Forest officials divided over effect of Rainbow Family gathering on Routt National Forest
No matter how careful they are, a group of 15,000 people can’t help but leave a mark on the Routt National Forest, environmental officials said this week.
The annual gathering of the Rainbow Family of Living Light ended July 7. As most of the Rainbow participants pack up and head out of the camping area near Big Red park in North Routt County, 35 miles north of Steamboat Springs, local and state environmental officials are assessing the collective footprint left on the site by 30,000 human feet and more than 100 dogs.
A cleanup crew of more than 300 Rainbow participants has remained at the camping area to remove trash and plant seed on compacted trails, but officials say that despite the environmental ethic and stewardship practiced by participants, the enormous size of the gathering means the area could need a significant amount of time to recover.
“It’s a real eye-opener,” said Rocky Smith of the Denver-based organization Colorado Wild. Smith joined a crew of more than 10 environmental officials who surveyed the site with U.S. Forest Service officers last week.
“The conclusion I reach is that there were just too many people out there,” Smith said. “They really caused quite a bit of impact. I have nothing against (Rainbow participants) or their lifestyle, I just wish they would camp in smaller numbers so they would not have these huge effects.”
Denise Ottaviano, a Forest Service spokeswoman from Washington, D.C. to help manage the event, estimated that Rainbow gatherers created “40 to 50 miles” of new trails by walking around the site.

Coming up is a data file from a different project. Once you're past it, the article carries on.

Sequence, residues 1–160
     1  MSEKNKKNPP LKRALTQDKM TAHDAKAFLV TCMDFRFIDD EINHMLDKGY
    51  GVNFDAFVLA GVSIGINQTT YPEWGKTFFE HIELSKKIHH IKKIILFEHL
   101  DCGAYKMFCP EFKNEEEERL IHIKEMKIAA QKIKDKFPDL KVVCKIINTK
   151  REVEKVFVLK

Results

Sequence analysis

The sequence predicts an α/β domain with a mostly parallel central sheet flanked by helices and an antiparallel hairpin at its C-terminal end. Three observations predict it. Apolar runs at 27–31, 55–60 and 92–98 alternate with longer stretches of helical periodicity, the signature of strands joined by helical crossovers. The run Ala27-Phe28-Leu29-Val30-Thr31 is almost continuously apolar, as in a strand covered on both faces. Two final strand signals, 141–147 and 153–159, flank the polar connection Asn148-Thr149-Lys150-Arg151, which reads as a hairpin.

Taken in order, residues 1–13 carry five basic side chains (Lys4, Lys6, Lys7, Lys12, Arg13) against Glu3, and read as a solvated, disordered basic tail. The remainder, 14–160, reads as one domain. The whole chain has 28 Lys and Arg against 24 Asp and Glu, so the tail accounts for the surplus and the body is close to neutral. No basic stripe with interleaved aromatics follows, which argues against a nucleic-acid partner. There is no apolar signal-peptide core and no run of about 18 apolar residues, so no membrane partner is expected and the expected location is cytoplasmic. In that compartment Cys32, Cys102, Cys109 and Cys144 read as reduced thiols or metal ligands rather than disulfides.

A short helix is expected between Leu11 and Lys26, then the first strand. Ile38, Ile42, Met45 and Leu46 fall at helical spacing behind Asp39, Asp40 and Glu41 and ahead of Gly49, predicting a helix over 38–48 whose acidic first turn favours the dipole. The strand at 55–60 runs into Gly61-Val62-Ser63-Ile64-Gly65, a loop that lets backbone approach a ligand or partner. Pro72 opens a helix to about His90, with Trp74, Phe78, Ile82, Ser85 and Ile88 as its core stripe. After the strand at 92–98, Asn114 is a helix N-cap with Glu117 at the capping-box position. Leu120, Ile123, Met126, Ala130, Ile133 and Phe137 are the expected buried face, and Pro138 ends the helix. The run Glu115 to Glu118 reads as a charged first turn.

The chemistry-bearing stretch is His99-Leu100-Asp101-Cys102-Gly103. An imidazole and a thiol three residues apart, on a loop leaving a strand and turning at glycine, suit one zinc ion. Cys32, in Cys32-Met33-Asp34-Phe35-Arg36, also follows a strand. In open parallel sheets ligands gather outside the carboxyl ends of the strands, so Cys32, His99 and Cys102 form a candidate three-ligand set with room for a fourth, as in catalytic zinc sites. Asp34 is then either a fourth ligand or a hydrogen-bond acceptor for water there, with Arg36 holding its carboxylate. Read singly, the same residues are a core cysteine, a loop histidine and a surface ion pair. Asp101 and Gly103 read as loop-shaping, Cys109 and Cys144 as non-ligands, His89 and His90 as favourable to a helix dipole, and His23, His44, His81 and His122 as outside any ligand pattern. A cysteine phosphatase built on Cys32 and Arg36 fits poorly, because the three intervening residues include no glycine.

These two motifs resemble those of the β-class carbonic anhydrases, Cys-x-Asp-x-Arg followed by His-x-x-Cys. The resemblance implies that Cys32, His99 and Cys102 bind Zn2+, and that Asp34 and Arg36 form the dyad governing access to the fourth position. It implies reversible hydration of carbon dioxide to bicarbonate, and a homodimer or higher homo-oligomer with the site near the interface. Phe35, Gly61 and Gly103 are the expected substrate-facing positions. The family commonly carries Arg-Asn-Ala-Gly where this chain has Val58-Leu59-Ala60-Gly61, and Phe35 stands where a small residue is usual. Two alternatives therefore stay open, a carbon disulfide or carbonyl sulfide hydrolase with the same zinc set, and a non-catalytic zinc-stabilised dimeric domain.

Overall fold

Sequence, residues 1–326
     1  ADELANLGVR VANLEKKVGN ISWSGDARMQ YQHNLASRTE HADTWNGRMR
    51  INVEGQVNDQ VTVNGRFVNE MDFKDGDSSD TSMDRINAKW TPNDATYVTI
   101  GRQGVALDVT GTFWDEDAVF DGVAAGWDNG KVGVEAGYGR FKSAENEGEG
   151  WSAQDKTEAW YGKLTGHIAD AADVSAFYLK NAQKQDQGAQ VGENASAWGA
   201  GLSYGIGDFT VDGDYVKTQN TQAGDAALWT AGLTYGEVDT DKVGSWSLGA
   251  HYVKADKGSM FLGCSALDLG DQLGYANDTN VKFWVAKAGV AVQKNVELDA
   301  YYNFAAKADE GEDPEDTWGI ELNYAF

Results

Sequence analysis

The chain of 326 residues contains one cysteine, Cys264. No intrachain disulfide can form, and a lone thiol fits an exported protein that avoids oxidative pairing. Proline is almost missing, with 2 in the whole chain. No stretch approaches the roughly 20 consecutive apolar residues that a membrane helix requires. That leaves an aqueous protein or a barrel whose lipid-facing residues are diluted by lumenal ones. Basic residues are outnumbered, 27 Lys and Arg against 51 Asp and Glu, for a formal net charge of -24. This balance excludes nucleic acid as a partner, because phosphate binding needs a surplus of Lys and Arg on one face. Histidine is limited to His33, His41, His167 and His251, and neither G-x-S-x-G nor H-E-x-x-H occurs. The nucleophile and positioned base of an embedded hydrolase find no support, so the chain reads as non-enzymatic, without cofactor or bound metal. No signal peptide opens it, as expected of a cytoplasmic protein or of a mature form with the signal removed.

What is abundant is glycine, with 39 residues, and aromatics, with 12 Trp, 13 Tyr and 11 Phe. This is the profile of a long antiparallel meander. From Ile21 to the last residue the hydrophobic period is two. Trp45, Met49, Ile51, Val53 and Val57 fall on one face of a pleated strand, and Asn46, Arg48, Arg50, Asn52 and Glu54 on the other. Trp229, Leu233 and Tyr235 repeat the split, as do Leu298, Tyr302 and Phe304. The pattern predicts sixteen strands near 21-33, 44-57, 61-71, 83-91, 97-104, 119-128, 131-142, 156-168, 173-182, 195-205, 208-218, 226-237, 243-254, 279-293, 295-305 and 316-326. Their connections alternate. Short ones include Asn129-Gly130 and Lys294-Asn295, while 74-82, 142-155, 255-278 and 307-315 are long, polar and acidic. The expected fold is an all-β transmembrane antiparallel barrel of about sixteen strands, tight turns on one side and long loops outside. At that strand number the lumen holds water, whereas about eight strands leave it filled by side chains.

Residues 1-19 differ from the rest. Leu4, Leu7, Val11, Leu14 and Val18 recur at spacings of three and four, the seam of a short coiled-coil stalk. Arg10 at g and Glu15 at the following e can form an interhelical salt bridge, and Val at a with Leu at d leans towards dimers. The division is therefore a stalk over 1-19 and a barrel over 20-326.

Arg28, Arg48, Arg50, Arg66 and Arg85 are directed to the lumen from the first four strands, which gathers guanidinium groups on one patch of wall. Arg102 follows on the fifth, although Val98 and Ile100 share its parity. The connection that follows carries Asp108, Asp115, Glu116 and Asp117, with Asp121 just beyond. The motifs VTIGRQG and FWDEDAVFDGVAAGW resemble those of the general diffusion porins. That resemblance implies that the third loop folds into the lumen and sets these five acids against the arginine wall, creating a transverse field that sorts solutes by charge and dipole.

Mike Zopf, director of the Routt County Department of Environmental Health, said that although the new trails and tramped earth are an “unfortunate reality” of the gathering, Rainbow participants deserve credit for their conservation efforts during and after the event, which officially began July 1 but began drawing campers to the area in early June.
“For the amount of time that people were up there, I thought the impact was pretty small,” Zopf said. “In a year or two or three, I don’t think anybody will notice any difference.”
Zopf has worked in county environmental health since 1977. He said the Rainbow gathering was the largest event he has dealt with. While surveying the site, Zopf said he saw no evidence of hazardous waste — trash or human — and noticed that a stream near the camping area appeared to be free of sediment, which would indicate lingering bacteria.
“There was really no on-site waste disposal — everything that I saw was carried off the site, in terms of solid waste,” Zopf said. “As for human waste, they had soil that they placed over it, and they were also using hydrated lime, which is typically used to help the decomposition process.”
Zopf said he plans to conduct bacteriological tests on water samples from the area.
Longtime Rainbow participant Charles Lesley Winslow, 55, is part of the cleanup crew. A tall, burly man with a long beard, Winslow said the crew has spent the past week taking bags of trash to Dumpsters provided by the county, re-seeding compacted trails, taking down structures and filling in holes dug for fire pits.
“We’re trying to leave (the area) as good as we found it, if not better,” he said. “That’s what we do.”
Local Forest Service official Kim Vogel said that before the gathering, parts of the area were open for hiking, off-road vehicle use, camping, horseback riding and “vegetation management” uses such as grazing for livestock.
The Routt National Forest encompasses 1.2 million acres, or 1,874 square miles. Rainbow participants camped on an area of about 4 or 5 square miles.
“It will be real interesting to see what it looks like a year from now,” Smith said. “The key thing will be the Forest Service keeping motorcycles and all-terrain vehicles off the trails (Rainbow participants) created, and that will be tough to do. But we’ll see what happens.”
— To reach Mike Lawrence, call 871-4203 or e-mail email@example.com
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